Understanding Epicondylitis (Tennis elbow or Golfer’s elbow): Causes, Symptoms, and Treatment
Epicondylitis, commonly known as tennis elbow or golfer’s elbow, is a condition that affects the tendons connecting the forearm muscles to the elbow. It is characterized by pain and inflammation around the bony prominences on the inside or outside of the elbow. This article aims to provide a comprehensive overview of epicondylitis, including its causes, symptoms, and available treatment options.
Causes of Epicondylitis:
Epicondylitis is primarily caused by repetitive or strenuous activities that involve the forearm muscles. Some common causes include:
a) Tennis Elbow (Lateral Epicondylitis):
Repeatedly gripping and twisting movements of the wrist, such as those involved in playing tennis, racquetball, or other racquet sports. It can also be caused by repeated movements from cleaning, manual work, or even using a mouse or typing.
There is more risk of injury if there is improper technique while performing activities like weightlifting, painting, or using hand tools.
b) Golfer’s Elbow (Medial Epicondylitis):
Repetitive wrist flexion and forceful gripping actions, commonly associated with golf swings, throwing sports, or activities involving repetitive wrist movements.
Symptoms of Epicondylitis:
The symptoms of epicondylitis may develop gradually over time, and individuals may experience the following:
a) Tennis Elbow:
Pain and tenderness on the outside of the elbow that may radiate down the forearm.
Weakness in the affected arm, making it difficult to grip or lift objects.
Increased pain when performing activities that involve wrist extension or gripping.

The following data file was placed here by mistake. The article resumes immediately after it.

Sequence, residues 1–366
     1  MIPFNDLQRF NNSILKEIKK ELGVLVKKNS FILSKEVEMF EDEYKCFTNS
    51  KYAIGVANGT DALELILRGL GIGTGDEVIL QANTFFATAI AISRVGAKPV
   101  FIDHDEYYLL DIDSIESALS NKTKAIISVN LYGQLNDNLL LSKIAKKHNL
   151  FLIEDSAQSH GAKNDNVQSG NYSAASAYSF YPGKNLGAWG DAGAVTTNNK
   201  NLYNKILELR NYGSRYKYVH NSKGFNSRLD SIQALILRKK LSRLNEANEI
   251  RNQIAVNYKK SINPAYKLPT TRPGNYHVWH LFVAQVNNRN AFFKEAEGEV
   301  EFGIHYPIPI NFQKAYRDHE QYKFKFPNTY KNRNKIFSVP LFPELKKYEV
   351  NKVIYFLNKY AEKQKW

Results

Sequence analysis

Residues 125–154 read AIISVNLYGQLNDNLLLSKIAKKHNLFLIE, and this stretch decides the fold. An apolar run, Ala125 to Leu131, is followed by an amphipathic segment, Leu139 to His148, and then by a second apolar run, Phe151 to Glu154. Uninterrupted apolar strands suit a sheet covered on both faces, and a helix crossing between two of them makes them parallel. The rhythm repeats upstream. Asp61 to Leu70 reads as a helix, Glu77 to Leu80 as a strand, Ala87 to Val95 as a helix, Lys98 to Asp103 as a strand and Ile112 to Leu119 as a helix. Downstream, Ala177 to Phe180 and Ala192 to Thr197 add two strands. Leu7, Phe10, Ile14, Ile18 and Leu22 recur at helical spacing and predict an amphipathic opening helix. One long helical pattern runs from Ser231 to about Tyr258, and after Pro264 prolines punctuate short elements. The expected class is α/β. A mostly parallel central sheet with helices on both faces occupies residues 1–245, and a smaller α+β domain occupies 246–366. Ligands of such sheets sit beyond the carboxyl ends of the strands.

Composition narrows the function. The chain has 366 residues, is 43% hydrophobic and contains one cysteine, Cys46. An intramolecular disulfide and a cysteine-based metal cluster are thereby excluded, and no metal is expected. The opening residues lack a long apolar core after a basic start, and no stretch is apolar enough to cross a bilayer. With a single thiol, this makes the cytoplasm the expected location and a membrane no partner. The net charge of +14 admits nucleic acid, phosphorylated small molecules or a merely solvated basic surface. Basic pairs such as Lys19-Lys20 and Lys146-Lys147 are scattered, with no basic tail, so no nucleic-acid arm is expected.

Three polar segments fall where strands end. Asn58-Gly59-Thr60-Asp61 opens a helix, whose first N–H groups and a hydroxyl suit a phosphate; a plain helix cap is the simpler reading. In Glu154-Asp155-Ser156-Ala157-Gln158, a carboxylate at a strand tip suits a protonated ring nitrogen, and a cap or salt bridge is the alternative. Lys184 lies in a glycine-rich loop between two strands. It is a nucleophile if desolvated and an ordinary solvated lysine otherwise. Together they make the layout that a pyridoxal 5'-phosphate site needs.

b) Golfer’s Elbow:
Pain and tenderness on the inside of the elbow that may extend to the forearm.
Weakness in the affected arm, particularly when gripping or flexing the wrist.
Increased pain when performing activities that involve wrist flexion or gripping.
- Non-Surgical Treatment:
Rest and activity modification: Avoiding activities that exacerbate the symptoms and allowing the affected area to rest and heal.
Pain relief: Over-the-counter nonsteroidal anti-inflammatory drugs (NSAIDs) can help reduce pain and inflammation.
Physical therapy: Specific exercises and stretches can strengthen the forearm muscles, improve flexibility, and promote healing in a more durable way, in order to prevent reinjury once return to sport or return to daily activity.
Dry Needling: Can decrease inflammation and pain in short term, making your physical therapy exercises easier to tolerate. It also promote tissue healing, release tense muscles.
Bracing or splinting: Wearing a brace or splint can provide support and relieve stress on the injured tendons.
If the conservatives treatments are not working well, your physical therapist and your doctor may suggest either an cortisone injection or PRP injection to help resolve inflammation and pain, while continuing your physiotherapy exercises and treatments.
- Surgical Treatment (last resort):
In severe or chronic cases where conservative measures fail, surgical intervention may be recommended. The procedures involve removing damaged tissue, repairing the tendon, or releasing tension on the affected tendons. It is usually used when there is actual damage of the tendon.
Prevention and Rehabilitation:
- Proper technique and equipment: Using correct techniques and equipment while participating in sports or performing repetitive tasks can reduce the risk of developing epicondylitis.
- Gradual progression: Gradually increasing the intensity and duration of activities can help prevent overuse injuries.
- Warm-up and stretching: Prior to engaging in physical activities, warming up and performing proper stretching exercises can prepare the muscles for the stress they will endure.
- Ergonomics: Maintaining proper posture and ergonomics during work or daily activities can reduce strain on the forearm muscles.
- Rehabilitation: Following a period of rest and recovery, gradually reintroducing exercises and activities under the guidance of a healthcare.
Book an appointment with our physical therapist if you have Tennis Elbow or Golfer’s Elbow, because we can HELP you!